April 30, 2013 — Three days ago, officials finally gave the “all-clear” for residents of West, Texas to return home. It is the first time many people have seen their homes since a fertilizer plant explosion on April 17 destroyed everything in a five-block radius. An estimated 180 homes were damaged or destroyed, with homes in “Zone 3” hit the hardest because they were closest to the epicenter of the explosion. Many people were lucky to escape with their lives — 15 people perished in the explosion, including many first-responders, and hundreds were injured.
Not everyone who has been allowed into Zone 3 will actually go home. Only five of the homes in the area are still habitable. Many of them were only allowed to get their belongings from 7 a.m. until 7 p.m., when they were escorted into the zone. Dozens of homes were heavily damaged, with the roof caved in, walls blown out, furniture reduced to splinters, puffs of insulation on the floor, and cars in the driveway burned down to the frame.
Mayor Tommy Muska, who is also an insurance agent, estimated that the property damage in West was about $24 million. The explosion damaged his four-bedroom home, which will need to be demolished and rebuilt.
Hundreds of people who were displaced by the explosion are renting in the area, staying with friends or family, or staying in hotels or churches nearby that have opened their doors to the people of West. “God bless West,” was written in spray-paint on the exterior of one home that was damaged.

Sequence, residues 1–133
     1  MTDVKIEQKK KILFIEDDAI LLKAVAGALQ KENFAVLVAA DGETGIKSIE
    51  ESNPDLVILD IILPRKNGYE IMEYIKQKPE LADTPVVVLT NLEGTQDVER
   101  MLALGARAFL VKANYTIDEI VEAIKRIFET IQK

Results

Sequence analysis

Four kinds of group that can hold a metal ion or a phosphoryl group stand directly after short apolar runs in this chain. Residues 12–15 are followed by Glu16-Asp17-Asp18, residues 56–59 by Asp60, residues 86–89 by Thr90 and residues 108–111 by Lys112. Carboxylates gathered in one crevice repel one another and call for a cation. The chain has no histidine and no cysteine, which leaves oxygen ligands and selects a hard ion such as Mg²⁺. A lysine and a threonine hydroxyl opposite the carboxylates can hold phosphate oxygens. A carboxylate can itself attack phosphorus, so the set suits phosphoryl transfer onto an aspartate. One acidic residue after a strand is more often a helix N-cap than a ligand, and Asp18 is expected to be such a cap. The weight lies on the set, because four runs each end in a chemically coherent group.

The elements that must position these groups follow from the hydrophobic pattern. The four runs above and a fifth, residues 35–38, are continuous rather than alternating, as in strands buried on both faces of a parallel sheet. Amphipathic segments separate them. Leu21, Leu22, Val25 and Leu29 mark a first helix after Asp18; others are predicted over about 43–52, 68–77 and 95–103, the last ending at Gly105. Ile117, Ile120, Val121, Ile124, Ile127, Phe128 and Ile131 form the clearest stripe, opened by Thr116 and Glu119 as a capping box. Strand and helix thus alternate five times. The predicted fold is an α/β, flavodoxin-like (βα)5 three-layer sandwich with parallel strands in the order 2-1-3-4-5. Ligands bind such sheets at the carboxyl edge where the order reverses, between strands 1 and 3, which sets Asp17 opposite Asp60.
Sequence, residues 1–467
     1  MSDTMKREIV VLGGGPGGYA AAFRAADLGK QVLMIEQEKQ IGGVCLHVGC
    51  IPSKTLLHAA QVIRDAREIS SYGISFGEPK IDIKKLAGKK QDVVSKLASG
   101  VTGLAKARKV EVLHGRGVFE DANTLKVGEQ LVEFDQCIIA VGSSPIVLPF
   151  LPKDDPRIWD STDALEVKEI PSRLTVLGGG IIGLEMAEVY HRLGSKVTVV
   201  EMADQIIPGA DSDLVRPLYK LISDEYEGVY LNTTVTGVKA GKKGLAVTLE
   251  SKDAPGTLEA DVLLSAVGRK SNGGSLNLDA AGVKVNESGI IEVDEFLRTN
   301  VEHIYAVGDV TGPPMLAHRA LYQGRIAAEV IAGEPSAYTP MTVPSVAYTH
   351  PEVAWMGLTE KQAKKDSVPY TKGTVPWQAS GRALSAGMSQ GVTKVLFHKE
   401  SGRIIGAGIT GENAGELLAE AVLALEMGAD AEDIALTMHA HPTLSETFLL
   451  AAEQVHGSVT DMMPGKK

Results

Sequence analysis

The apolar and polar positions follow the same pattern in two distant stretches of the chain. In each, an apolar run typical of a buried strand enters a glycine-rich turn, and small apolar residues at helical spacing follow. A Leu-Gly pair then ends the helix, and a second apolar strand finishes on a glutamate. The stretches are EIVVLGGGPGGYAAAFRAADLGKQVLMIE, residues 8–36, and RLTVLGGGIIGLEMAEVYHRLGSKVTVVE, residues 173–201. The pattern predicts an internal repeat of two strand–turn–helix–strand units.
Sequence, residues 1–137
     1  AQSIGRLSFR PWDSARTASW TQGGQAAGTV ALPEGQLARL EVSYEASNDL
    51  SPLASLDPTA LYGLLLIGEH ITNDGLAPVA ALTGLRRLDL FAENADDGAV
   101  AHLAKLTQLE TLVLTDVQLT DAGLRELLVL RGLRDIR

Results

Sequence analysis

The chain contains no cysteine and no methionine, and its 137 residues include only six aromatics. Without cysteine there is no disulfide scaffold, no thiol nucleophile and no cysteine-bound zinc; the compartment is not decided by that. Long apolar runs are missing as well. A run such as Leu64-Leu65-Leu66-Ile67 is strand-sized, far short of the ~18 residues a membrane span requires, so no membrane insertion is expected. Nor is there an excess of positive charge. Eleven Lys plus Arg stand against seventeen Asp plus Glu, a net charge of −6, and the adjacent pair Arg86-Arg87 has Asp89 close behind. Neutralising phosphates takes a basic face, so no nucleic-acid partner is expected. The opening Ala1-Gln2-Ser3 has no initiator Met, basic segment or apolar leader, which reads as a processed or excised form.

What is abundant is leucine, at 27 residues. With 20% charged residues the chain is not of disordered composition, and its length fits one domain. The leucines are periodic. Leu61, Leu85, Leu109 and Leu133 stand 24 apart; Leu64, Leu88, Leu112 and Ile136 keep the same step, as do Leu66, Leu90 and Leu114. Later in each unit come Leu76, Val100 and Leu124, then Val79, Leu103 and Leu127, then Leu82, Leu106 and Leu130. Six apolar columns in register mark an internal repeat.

As homeowners clean up and investigators sift through the rubble, memorial services have been ongoing for the people who died in the explosion. Three of the 15 people who died were residents; the others were first-responders who were fighting the fire at the plant before the explosion or evacuating residents. Investigators said that several bodies were found within yards of the 90-foot crater created by the explosion. Their heroic actions are credited for saving many lives in West while residents evacuated.
On April 28, a community meeting was held to share information about the clean-up process and how to deal with insurance company bureaucracy. The Insurance Council of Texas estimated that insured losses may be as high as $100 million. Lawsuits have already been filed by insurance companies against Adair Grain, the owner of West Fertilizer Company.
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